On Saturday, August 20th, women from across New York City gathered together for a full day Women’s Summit. We each had different backgrounds and spoke different languages. We were committed to fighting for workers’ rights within our own sectors, but were uniting through the NY Worker Center Federation (NYWCF) to bridge our work, grow solidarity, and learn from each other. Our spaces- the workplace, our homes, our organizing spaces- are too often dominated by men. While we believe it important to address gender justice with men and women present, women in the Federation asked for a separate space.
NYWCF views workers holistically. In order to grow a strong worker movement, we need to focus on ourselves externally as organizers and workers, as well as internally as strong members of our communities and as healthy people. We are women, workers, mothers, immigrants, New Yorkers. Because of this perspective, in addition to discussing organizing tools and concrete workplace practices, facilitators also carved meaningful time to share with each other, build relationships, and for personal reflection.
We started out the day offering stories of challenges we have overcome as women. We shared in partners and then to the larger group. This helped the day to begin as a space of trust and a shared understanding of where we were coming from and the unique diversity in the room. One woman shared that she married young but was unable and unwilling to fulfill the expectations placed on her. She ended up divorcing and feels stronger as a result. Another participant told the group about her experience growing up with strict parents, unable to leave her house to visit friends or enjoy her life. Several women spoke of sexual abuse in the workplace and in home communities. We did our best to support each other and collectively felt the importance of coming together as women and as workers.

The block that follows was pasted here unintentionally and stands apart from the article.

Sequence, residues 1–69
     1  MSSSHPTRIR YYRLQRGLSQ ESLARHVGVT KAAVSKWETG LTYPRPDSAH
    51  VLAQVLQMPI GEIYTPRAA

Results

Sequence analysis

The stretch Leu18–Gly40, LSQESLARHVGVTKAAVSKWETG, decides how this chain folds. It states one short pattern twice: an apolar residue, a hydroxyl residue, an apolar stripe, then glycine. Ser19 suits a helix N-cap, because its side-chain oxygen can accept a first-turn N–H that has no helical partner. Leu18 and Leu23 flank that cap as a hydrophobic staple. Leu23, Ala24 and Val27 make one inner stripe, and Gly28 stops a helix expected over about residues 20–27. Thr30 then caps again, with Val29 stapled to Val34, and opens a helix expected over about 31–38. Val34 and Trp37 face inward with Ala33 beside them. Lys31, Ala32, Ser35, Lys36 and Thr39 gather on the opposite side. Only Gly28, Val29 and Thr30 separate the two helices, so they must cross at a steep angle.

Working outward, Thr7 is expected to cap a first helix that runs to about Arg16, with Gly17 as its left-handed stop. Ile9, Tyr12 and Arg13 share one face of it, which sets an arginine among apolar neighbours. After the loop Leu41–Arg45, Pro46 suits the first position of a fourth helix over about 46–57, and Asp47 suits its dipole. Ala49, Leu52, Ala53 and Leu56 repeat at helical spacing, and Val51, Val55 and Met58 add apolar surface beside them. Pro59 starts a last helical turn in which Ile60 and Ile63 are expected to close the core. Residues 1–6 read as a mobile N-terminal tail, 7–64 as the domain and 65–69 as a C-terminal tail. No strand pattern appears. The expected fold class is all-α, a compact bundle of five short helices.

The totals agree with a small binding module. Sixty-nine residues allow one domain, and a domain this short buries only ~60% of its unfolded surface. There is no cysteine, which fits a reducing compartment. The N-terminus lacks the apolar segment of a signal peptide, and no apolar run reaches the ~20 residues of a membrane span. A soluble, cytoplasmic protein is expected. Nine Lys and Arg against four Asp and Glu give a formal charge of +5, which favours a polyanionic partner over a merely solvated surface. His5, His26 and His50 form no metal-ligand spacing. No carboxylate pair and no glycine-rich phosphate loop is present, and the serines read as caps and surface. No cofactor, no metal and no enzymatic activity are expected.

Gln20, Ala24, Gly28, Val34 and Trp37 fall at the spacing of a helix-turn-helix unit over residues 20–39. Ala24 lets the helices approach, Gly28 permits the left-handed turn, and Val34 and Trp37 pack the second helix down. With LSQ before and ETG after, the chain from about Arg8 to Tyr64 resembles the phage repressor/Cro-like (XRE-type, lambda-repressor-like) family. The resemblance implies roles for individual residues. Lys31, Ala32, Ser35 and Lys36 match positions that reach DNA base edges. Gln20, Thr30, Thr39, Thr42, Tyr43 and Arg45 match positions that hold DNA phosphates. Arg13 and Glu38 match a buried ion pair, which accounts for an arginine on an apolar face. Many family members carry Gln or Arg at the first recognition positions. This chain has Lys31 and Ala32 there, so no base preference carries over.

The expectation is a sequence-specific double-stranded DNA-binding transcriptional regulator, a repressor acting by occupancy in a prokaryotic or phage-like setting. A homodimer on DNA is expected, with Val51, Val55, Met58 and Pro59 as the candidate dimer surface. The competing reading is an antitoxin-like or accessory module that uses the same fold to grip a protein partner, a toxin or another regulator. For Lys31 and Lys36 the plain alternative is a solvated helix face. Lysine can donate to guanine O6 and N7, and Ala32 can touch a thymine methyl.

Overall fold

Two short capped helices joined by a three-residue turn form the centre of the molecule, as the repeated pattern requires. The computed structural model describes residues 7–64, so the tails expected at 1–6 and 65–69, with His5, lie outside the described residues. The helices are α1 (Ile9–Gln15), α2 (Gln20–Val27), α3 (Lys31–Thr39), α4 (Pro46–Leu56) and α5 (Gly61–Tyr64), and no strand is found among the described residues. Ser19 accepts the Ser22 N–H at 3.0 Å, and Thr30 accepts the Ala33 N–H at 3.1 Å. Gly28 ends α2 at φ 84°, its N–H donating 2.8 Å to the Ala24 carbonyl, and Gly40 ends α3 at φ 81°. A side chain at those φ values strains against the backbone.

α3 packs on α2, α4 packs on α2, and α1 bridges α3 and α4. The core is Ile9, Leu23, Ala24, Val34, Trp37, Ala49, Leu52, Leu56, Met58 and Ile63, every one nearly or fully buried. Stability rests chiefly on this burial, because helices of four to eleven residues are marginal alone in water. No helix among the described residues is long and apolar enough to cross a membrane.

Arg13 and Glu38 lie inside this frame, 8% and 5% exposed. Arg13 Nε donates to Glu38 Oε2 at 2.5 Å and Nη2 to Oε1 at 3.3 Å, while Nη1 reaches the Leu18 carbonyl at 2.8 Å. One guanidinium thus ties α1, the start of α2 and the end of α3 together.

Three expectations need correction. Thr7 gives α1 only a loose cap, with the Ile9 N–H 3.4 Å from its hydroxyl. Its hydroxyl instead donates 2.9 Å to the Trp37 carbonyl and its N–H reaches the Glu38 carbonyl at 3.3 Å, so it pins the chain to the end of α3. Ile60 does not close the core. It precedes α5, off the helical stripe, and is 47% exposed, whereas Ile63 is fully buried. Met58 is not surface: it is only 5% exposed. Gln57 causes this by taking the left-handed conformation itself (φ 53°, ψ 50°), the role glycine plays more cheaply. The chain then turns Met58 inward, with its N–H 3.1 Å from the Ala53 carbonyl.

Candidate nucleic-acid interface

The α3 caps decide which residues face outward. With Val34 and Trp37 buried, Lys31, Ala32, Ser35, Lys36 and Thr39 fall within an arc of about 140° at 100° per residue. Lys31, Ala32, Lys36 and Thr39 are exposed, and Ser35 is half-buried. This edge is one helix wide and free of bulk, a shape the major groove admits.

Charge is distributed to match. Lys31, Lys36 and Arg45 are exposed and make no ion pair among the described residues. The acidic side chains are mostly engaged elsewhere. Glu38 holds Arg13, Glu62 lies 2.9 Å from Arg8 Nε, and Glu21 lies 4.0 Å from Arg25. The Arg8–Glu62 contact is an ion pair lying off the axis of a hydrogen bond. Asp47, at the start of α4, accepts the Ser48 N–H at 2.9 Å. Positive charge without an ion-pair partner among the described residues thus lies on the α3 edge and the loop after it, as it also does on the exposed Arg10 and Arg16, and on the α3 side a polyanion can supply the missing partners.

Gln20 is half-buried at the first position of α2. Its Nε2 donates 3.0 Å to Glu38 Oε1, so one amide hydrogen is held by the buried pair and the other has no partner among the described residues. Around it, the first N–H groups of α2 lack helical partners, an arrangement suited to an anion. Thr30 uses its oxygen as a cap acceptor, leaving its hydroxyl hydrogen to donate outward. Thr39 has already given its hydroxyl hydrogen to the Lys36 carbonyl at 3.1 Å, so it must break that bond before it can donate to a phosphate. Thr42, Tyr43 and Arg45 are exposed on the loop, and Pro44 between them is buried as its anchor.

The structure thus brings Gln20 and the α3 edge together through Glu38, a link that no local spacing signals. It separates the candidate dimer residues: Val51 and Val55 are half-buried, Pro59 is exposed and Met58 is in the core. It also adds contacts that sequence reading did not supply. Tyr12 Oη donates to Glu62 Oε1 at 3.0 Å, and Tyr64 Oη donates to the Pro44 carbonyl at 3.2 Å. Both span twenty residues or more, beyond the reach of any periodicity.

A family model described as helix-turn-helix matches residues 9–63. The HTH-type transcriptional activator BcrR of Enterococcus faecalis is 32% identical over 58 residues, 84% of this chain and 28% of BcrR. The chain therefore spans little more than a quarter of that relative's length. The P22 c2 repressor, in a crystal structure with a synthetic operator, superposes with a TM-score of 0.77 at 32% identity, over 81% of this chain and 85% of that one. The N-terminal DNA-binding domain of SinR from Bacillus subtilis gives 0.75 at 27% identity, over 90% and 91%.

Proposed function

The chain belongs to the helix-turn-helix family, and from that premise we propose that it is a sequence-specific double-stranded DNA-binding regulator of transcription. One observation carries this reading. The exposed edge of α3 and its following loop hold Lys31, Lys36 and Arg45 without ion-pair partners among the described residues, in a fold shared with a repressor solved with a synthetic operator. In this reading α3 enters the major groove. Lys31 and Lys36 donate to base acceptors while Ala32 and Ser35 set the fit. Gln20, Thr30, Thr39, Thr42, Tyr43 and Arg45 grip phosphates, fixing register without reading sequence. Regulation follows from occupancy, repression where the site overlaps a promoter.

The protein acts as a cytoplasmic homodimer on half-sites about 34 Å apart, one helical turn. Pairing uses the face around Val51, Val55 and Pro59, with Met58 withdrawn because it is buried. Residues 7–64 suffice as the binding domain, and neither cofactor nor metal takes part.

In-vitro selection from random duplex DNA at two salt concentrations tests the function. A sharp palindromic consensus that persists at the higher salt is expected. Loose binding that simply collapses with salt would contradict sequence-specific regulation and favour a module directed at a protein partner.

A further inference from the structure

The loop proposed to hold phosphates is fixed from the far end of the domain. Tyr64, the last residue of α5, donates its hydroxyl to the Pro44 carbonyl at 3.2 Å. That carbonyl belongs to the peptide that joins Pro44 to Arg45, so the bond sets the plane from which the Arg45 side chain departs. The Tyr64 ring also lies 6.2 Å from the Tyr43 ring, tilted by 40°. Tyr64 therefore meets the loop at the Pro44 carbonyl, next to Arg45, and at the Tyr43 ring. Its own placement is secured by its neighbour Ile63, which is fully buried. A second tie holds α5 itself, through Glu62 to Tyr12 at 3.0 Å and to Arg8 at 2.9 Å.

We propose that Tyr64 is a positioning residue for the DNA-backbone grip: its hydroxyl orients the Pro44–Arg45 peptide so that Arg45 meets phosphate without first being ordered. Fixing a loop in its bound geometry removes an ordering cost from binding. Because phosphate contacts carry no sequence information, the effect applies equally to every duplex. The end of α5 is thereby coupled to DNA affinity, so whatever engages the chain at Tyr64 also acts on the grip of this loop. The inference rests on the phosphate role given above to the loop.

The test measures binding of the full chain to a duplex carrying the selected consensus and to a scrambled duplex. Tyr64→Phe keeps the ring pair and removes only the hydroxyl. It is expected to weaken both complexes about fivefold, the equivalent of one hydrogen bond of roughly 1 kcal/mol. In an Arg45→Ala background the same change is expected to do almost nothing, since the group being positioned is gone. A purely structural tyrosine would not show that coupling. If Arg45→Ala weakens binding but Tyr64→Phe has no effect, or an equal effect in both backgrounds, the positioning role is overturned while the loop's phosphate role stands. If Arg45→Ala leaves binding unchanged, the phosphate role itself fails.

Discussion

Next, as a way to further build community, we wove together a visioning flag. We wrote down who we would like to thank for paving the way for us (answers ranged from family to Rosa Parks) and what are our visions for the future. The flag was beautifully strung across a window, shining light on our gratitude and hopes.
We then transitioned to breaking down identity and gender stereotypes. Who does society perceive as holding power? White people. Americans. Wealthy people. Heterosexuals. Men. Donald Trump was used as a common example. Who is perceived as powerless? Non-English speakers. Women. Undocumented people. LGBTQ folks. Poor people.
What are the gender boxes does society place us in? For example, a man is thought to be strong, never cries, he earns money, etc. What happens if we stick even a toe outside of those boxes? We are taunted, held back, our sexuality is challenged and we are targeted. This, we all agreed, is a problem.
The next part of the day was focused on how we, as women and workers, can use tools for asserting our rights, documenting abuse, and tactics for self-protection and support. We practiced shouting “NO!” We learned ways to support friends who might be experiencing abuse. And we rehearsed tactics for demanding respect and our rights as workers through theater.
Finally, we came up with demands for the world:
- End the Culture of Silence
- Security for all women
- Break the Box/ End Stereotypes
- Support Groups, Unity with Other Women
- Education/ Know Your Rights Resources
We look forward to continuing our work in the 2016 Delfino Leadership Training Institute, beginning September 24th. The first day of training, open to women and men, will continue this work in movement building and gender justice.
The organizations present at the 2016 Women’s Summit were: Street Vendor Project, El Centro del Inmigrante, NICE, Laundry Worker Center, Jews for Racial and Economic Justice, Enlace, RHIZA, and DRUM.